Strange Ranger Remembering the Rockets
Published Jul 23, 2019On their third full-length, Strange Ranger persist on their unpredictable trajectory, and are a markedly different-sounding band since their early days under the name Sioux Falls, a project started in Montana and relocated to Portland shortly after. From their first few EP releases to their debut album, Rot Forever, in 2016, the main songwriting duo of Isaac Eiger and Fred Nixon approached Sioux Falls with the sprawling sounds of distraught, guitar-driven indie rock, not unlike fellow Pacific Northwesterner's Built to Spill and Modest Mouse, burning in their own anxious streaks of yearning, cathartic emo.
As Strange Ranger, the band pull the listener in closer by forging clarity and stillness, showing restraint in their moodier outlooks. Now a four-piece based in Philadelphia, Remembering the Rockets continues the path traced by their second album, Daymoon, as it strolls in a humid afterglow, with their bleeding hearts meandering in a stream of ennui that's beautiful and contemplative in an open-ended way.
From the sunny, jangly pop and '90s radio rock-inspired "ba-da-da"s on opener "Leona," to the sassy, country-tinged "Ranch Style Home" nasally sung by Nixon, Strange Ranger aren't afraid of blending genres and going all in with an idea. In stark contrast, keyboardist Fiona Woodman takes lead vocals on the hypnotically dreamy "Message to You," a delicate, lovesick synth piece.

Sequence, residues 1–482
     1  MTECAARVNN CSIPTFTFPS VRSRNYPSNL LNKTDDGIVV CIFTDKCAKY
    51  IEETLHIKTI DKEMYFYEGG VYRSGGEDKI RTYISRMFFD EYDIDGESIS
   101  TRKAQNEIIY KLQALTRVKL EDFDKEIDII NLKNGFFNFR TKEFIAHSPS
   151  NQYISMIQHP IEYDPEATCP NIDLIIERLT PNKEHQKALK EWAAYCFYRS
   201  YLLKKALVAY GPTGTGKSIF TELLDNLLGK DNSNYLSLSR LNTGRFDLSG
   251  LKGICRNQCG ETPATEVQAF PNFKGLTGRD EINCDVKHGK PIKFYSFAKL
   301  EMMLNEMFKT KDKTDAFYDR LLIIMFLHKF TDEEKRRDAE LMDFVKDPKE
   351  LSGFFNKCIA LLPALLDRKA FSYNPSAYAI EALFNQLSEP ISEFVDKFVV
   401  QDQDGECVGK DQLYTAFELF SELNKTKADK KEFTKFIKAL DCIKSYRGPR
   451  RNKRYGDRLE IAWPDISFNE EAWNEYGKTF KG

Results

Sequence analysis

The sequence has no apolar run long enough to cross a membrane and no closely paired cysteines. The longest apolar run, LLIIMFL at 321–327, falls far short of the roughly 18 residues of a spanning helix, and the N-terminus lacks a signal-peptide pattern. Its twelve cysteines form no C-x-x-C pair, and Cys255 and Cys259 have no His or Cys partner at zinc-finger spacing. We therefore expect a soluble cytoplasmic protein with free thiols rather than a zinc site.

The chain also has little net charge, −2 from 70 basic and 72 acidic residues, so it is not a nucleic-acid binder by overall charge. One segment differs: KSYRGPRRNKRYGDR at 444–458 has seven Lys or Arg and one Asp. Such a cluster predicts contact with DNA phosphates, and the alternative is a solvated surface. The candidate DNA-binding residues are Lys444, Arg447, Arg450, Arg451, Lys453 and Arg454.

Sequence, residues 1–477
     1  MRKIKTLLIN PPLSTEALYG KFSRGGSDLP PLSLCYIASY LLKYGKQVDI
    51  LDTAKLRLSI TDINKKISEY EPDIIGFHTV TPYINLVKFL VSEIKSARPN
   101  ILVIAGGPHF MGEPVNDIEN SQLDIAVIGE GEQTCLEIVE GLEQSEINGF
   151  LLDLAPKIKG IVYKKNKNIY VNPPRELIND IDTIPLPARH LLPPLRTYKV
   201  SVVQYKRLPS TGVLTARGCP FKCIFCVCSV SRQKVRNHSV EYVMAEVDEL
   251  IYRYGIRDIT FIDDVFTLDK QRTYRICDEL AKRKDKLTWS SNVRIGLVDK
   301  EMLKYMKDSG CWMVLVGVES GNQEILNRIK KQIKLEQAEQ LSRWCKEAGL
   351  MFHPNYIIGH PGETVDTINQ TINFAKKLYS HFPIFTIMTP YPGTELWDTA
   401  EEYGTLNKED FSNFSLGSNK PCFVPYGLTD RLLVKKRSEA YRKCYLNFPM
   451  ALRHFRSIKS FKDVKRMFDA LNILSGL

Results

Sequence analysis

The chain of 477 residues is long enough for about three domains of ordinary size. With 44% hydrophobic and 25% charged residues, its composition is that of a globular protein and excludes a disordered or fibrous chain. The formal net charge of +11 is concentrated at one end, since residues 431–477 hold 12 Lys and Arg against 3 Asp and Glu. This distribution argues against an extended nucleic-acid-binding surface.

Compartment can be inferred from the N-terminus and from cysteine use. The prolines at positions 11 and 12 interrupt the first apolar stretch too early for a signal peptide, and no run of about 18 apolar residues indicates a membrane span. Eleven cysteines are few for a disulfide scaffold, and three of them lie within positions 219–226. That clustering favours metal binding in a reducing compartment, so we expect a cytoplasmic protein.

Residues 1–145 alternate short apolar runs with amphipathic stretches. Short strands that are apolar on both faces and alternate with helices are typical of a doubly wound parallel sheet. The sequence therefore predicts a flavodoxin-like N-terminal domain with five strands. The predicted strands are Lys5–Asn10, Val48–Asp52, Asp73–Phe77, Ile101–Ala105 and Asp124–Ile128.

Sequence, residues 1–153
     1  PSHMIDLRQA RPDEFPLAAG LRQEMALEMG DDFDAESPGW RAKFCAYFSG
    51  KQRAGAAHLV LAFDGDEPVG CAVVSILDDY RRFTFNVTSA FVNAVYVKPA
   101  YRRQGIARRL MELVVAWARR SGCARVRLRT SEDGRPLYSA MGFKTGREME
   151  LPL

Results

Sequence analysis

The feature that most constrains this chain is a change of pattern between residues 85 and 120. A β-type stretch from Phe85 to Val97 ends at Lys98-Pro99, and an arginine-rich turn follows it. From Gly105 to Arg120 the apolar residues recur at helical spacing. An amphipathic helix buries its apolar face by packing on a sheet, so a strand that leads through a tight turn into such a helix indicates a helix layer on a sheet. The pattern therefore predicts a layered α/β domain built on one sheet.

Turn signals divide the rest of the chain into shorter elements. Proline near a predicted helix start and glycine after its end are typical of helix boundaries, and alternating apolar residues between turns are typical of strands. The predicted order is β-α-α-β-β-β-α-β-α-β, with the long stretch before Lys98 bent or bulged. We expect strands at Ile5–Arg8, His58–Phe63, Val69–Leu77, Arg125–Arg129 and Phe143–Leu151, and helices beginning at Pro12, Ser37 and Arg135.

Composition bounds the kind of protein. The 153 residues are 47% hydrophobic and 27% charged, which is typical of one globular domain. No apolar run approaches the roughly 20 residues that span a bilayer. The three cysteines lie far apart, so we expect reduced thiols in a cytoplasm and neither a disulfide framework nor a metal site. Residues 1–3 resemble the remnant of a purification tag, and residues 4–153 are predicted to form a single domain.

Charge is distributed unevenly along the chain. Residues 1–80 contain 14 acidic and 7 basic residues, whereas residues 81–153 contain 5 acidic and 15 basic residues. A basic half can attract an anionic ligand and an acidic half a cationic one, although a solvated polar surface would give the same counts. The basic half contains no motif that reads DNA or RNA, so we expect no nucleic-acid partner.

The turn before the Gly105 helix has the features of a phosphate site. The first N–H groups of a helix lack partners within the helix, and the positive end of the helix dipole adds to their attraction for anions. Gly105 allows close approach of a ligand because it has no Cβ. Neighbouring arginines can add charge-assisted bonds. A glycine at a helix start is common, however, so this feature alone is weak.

Still, some of Strange Ranger's hookiest moments are courtesy of Eiger, who sings in an achingly plainspoken way. Eiger's casually detached warbling runs adjacent to the electrified slowcore of "Beneath the Lights," like he's screaming a secret without ever actually raising his voice. The engrossing squeals and downtempo drum beat on "Living Free" grumble in golden light, narrated by Eiger's cerebral lyrics ("birds in the rain and strangers on the bus giving me advice").
Strange Ranger's music rambles along in sync with our inner thoughts — joyful and cheery, but at times full of doubt and overthinking. There are no definitive conclusions on Remembering the Rockets, but instead an analysis of friendships, relationships and everything in between, letting it all spill out in an extensive afterthought. (Tiny Engines)